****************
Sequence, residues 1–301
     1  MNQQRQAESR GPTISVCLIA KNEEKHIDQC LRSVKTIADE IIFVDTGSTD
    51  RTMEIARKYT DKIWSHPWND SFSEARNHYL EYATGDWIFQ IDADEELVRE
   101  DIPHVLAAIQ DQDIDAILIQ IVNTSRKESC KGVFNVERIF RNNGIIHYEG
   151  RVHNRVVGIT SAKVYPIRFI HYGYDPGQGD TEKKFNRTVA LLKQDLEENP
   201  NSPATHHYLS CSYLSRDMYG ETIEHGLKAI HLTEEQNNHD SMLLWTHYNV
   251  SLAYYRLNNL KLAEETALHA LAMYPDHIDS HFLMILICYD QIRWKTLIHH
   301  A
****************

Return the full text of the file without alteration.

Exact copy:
Sequence, residues 1–301
     1  MNQQRQAESR GPTISVCLIA KNEEKHIDQC LRSVKTIADE IIFVDTGSTD
    51  RTMEIARKYT DKIWSHPWND SFSEARNHYL EYATGDWIFQ IDADEELVRE
   101  DIPHVLAAIQ DQDIDAILIQ IVNTSRKESC KGVFNVERIF RNNGIIHYEG
   151  RVHNRVVGIT SAKVYPIRFI HYGYDPGQGD TEKKFNRTVA LLKQDLEENP
   201  NSPATHHYLS CSYLSRDMYG ETIEHGLKAI HLTEEQNNHD SMLLWTHYNV
   251  SLAYYRLNNL KLAEETALHA LAMYPDHIDS HFLMILICYD QIRWKTLIHH
   301  A